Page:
Yup, killing people via robot-in-the-sky, without trial or warning, is not only, as a New York Times headline put it recently, “hazardous” for US policy goals and America’s global effectiveness, but also, as it turns out, for human life. Drones kill people and make others hate us. They’re bad for our union with the world, and it’s not just the drones, the entire war on terror has done a job on our world relations.

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State of the Union 2013: President Obama’s Complete Speech

I’ll confess.  I didn’t watch the State of the Union Speech. Instead we watched RZA’s The Man with Iron Fists.

Why?  Because I’m tired of having the man from Wall Street piss on my leg and tell me it’s raining.

I voted for him because he was the lesser of two evils.

We don’t have a government of the people anymore we have two right wing parties that represent the rich.

I felt totally apathetic about watching the Kabuki Show of stroking off the public.

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Ready for President Obama to Continue Leading on Climate Change

From The Natural Resources Defense Council:

Frances Beinecke
February 11, 2013

As New England digs out from a storm that left record-breaking snow and ice in its wake, people along the Mississippi River are dealing with the opposite problem: drought. Months of parched conditions have left the river at historically low levels, and the sharp drop in river transit has hit the region’s economy hard. In December and January alone, shrinking river waters put more than $7 billion worth of goods at risk of not arriving where they needed to go.

One Illinois farmer who lost half his crop in the drought last summer, told the Washington Post, “If you don’t live near the river system and see how important it is as far as commerce, it’s easy to forget about it, and what it means to the middle part of the country.”

I will remember those words as I listen to President Obama deliver the State of the Union on Tuesday night. I have the honor of attending the speech, and I am eager to hear the president talk about how we can protect American communities from drought, intense storms, and other hallmarks of climate change. For as many people along the Mississippi know, our nation is already being hit by an altered climate.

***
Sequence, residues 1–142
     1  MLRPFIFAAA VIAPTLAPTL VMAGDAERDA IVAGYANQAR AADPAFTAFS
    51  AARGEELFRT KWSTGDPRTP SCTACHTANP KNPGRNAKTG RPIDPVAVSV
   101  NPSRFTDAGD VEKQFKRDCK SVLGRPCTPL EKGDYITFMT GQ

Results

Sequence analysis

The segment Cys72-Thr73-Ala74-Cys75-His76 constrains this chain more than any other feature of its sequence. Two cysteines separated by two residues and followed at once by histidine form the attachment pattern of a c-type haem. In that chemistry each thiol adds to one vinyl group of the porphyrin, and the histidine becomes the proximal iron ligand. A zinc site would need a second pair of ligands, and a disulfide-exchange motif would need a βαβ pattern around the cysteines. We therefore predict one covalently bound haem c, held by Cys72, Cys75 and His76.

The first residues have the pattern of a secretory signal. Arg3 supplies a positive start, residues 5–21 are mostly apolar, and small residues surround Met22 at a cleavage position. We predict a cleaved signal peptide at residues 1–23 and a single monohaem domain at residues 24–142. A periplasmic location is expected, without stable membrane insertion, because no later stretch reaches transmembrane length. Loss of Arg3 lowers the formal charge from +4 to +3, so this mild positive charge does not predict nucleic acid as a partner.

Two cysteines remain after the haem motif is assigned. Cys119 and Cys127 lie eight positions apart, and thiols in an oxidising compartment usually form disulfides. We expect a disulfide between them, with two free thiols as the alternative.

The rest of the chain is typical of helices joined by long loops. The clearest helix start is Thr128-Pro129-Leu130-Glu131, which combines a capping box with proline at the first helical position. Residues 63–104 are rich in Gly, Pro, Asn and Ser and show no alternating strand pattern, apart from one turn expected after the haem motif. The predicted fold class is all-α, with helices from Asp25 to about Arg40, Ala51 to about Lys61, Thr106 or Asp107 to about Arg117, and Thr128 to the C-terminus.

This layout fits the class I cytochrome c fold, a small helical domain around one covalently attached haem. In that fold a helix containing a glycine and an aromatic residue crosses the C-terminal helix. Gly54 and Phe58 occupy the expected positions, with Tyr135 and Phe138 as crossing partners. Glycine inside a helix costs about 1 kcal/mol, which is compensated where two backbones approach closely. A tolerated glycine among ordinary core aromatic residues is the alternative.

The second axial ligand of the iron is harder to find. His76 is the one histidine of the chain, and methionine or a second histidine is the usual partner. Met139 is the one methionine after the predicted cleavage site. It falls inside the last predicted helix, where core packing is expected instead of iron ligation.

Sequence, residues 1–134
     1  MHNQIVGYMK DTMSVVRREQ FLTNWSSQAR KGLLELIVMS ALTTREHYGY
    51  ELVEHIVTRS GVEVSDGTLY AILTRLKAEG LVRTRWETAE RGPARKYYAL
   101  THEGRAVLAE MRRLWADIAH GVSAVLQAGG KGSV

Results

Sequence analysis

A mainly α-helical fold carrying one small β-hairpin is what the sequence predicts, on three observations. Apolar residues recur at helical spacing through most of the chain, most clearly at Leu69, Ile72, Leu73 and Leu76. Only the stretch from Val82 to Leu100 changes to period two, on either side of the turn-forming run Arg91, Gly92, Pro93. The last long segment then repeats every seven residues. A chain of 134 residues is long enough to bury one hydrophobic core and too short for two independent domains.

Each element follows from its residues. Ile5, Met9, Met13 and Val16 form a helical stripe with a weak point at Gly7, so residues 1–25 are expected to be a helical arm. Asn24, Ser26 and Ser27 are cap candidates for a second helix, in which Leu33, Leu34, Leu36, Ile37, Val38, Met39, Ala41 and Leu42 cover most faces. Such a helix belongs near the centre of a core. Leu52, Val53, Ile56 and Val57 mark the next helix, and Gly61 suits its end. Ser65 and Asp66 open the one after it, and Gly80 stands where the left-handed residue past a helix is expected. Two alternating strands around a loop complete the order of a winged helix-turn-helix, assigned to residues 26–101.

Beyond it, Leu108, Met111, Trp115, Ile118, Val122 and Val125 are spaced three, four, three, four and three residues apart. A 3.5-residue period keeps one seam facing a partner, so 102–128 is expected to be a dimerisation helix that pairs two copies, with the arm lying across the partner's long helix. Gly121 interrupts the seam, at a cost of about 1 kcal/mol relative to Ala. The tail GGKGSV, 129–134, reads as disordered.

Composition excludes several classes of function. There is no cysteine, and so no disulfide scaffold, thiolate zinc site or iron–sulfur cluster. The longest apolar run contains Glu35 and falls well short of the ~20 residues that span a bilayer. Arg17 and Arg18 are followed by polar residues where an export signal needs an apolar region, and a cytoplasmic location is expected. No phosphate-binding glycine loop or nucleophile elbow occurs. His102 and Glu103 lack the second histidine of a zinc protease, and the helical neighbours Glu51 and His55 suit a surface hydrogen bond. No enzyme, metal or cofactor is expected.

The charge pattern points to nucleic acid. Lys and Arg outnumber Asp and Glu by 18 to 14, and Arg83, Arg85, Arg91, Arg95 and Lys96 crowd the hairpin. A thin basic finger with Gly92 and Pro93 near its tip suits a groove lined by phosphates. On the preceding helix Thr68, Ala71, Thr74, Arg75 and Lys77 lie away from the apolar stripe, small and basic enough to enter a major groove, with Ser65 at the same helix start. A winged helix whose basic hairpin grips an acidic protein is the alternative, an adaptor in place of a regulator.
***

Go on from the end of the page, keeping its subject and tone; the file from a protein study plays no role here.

President Obama has made it clear he is committed to confronting climate change. He discussed it at length in his Inaugural Address, saying, “We will respond to the threat of climate change, knowing that failure to do so would betray our children and future generations.” He has also repeatedly said he would make climate action a top priority of his second term.

Americans from all walks of life have welcomed this leadership. Latino leaders, state legislators, faith groups, public health experts, and environmental organizations have written to the White House urging the president to move forward on climate.

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Governor Cuomo: Not One Well!

From Huffington Post:


Last Monday, I dropped everything and headed off on yet another trip to our state’s Capitol. Hoping to do my part to stop the dishonest and toxic gas industry from ravaging our beautiful state, I — along with 500 other New Yorkers who had arose before dawn to board buses bound for Albany — took up the public health battle cry, “Not One Well!”

While we rallied, a rumor of a plan was being whispered in the Capitol halls: any day now, Gov. Cuomo might allow, as a test project, 10 to 40 fracking wells for our state’s Southern Tier — a horizontal row of hilly, rural counties just above the Pennsylvania border. If you could think of New York State as home, the Southern Tier would be its brick foundation. And, indeed, its fields of produce, dairy pastures, and tourism are foundational for the state’s economy and the most vulnerable to hydrofracking.

If rumor becomes the plan that gets approval, then the residents of the Southern Tier become unwilling lab rats in our governor’s fracking experiment. It’s an experiment that risks ruin for many in the form of poisoned water, toxic air, burning flare stacks, mystery chemicals, and 24/7 noise. Why should the rest of NYS care? Because as the saying goes, “once the camel’s nose is in the tent the rest will follow. Or, the shady salesman’s got his grubby foot in the door.”

Point of entry is exactly what this industry wants, and it won’t be satisfied with a few fracking wells in the Southern Tier counties. The gas industry and their landowners coalitions have already said they will press on to open up other areas to fracking — that means most of upstate New York. In short, by permitting just a few wells in an attempt at satisfy everyone, Gov. Cuomo might just be opening the lid on a Pandora’s box nightmare. If you don’t believe me, check out what the Joint Landowners Coalition said on Friday: Cuomo, frack us or we will claim you are taking our land rights and sue you.

The best way to beat back rumors is to make sure the folks that care are heard. Thus, New Yorkers went to Albany to speak the truth. I was honored to be marching and standing alongside my New York neighbors including Arun Gandhi, Dr. Sandra Steingraber, Senator Tony Avella, Assemblywoman Barbara Lifton, Josh Fox and 500 other beautiful and caring mothers, fathers, teachers, religious leaders and young students.